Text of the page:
Commercial Cargo Will Cost More Than Shuttle-Delivered Cargo Says Congressional Document

Commercial Cargo Will Cost More Than Shuttle-Delivered Cargo Says Congressional Document

Data contained in the charter for today’s House Science, Space and Technology subcommittee hearing on commercial cargo show that on a cost per pound basis, commercial cargo will cost more than cargo delivered to the International Space Station (ISS) by either the U.S. space shuttle or Russia’s Progress automated cargo spacecraft. The hearing is set to begin at 10:00 am this morning.

The hearing charter, prepared by committee staff, contains a table showing that the Commercial Resupply Services (CRS) NASA is purchasing from SpaceX and Orbital Sciences Corp. will cost $26,700 per pound to ISS. By comparison, the cost for launch on the shuttle is $21,268 and on Russia’s Progress is $18,149. The table explains the assumptions that went into those calculations, including the fact that they do not include development costs, are considered proprietary information by the companies, and the shuttle costs assume four flights per year with a capability to deliver 16 metric tons to the ISS at a total annual program cost of $3 billion. The document notes further that the costs for CRS would be higher if they were calculated the same way the shuttle costs were derived, by dividing the total CRS program cost by the mass delivered to the ISS. That cost would be $39,700 per pound.

Other figures in the charter show that NASA will have spent $1.254 billion on commercial cargo by the end of FY2011 and its budget projections call for spending just over $5 billion for CRS between FY2011 and FY2016.

Committee staff also point out in the document that NASA was not supposed to sign contracts for any CRS until the companies had demonstrated their commercially-developed capabilities, but NASA has signed such contracts anyway and is using them to make progress payments to the companies. That means NASA “assumed significantly more risk for ensuring the success of the cargo providers,” according to the document.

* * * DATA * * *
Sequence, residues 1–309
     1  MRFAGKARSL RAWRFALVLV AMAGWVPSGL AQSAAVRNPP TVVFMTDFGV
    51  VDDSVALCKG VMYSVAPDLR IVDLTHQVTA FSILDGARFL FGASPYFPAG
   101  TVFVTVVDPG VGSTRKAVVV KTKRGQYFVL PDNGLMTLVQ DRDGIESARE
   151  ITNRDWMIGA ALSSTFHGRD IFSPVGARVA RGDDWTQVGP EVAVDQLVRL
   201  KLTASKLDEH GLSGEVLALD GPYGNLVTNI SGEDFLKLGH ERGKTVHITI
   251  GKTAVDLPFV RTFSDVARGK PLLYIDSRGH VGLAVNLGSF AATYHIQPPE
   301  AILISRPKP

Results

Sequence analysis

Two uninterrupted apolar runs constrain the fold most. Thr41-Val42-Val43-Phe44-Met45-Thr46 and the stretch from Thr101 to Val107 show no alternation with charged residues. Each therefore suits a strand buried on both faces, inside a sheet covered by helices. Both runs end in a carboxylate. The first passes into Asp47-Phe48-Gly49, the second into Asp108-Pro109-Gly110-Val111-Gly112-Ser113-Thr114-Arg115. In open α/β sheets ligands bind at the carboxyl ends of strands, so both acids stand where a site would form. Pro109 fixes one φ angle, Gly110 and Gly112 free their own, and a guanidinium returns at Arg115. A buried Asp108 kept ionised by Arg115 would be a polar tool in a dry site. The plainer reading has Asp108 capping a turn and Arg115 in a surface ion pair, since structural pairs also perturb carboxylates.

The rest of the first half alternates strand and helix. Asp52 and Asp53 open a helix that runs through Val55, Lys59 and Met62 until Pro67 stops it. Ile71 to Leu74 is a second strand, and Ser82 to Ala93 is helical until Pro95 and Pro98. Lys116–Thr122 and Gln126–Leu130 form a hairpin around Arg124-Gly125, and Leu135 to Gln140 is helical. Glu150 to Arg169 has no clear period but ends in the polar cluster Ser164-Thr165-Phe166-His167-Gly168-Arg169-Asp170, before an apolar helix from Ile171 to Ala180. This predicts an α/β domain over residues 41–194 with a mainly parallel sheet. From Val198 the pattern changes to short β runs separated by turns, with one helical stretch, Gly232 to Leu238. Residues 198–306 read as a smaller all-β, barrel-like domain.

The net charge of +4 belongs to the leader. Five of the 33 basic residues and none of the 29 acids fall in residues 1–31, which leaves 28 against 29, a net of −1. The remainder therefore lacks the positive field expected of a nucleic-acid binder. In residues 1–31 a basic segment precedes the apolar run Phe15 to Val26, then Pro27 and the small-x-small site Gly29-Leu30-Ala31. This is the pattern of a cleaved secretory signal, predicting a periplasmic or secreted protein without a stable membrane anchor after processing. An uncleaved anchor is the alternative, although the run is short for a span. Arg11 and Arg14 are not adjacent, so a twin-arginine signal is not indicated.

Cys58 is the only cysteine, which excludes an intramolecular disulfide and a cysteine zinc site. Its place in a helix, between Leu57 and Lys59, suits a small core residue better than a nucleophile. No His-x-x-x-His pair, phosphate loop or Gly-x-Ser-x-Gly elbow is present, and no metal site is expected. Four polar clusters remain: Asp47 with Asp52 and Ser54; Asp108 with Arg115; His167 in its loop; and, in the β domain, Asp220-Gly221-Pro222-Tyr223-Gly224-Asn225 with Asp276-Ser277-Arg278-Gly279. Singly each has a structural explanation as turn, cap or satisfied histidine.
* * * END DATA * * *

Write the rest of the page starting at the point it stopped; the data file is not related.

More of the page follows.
One question raised in the document is what the path of the commercial cargo program portends for commercial crew. Committee and subcommittee members have expressed deep skepticism about whether the commercial sector is ready to provide crew transportation services to ISS ever since President Obama proposed shifting that responsibility from NASA to the commercial sector last year. Committee staff state in the charter that:

“By purchasing CRS years before the COTS systems had been demonstrated, NASA assumed significantly more risk for ensuring the success of the cargo providers. NASA has indicated that they are ‘too important to fail.’ This concept has important policy and budgetary implications for future commercialization proposals such as the Administration’s proposed commercial crew efforts. Administrator Bolden has repeatedly told Congress that NASA would do ‘whatever it takes’ to make these ventures succeed. According to briefings provided to Committee staff, ‘NASA is depending on our commercial cargo partners. We need their COTS development efforts to succeed so that they can begin providing cargo resupply to the International Space Station…’ Legitimate questions have been raised about this approach since it differs from what was originally intended to be a merit-based and market-based competition.”

The hearing is in 2318 Rayburn House Office Building. Witnesses are NASA’s Associate Administrator for Space Operations, Bill Gerstenmaier; GAO’s Cristina Chaplain; SpaceX’s President Gwynne Shotwell; and Orbital’s Senior Vice President and Deputy General Manager (and former astronaut) Frank Culbertson.

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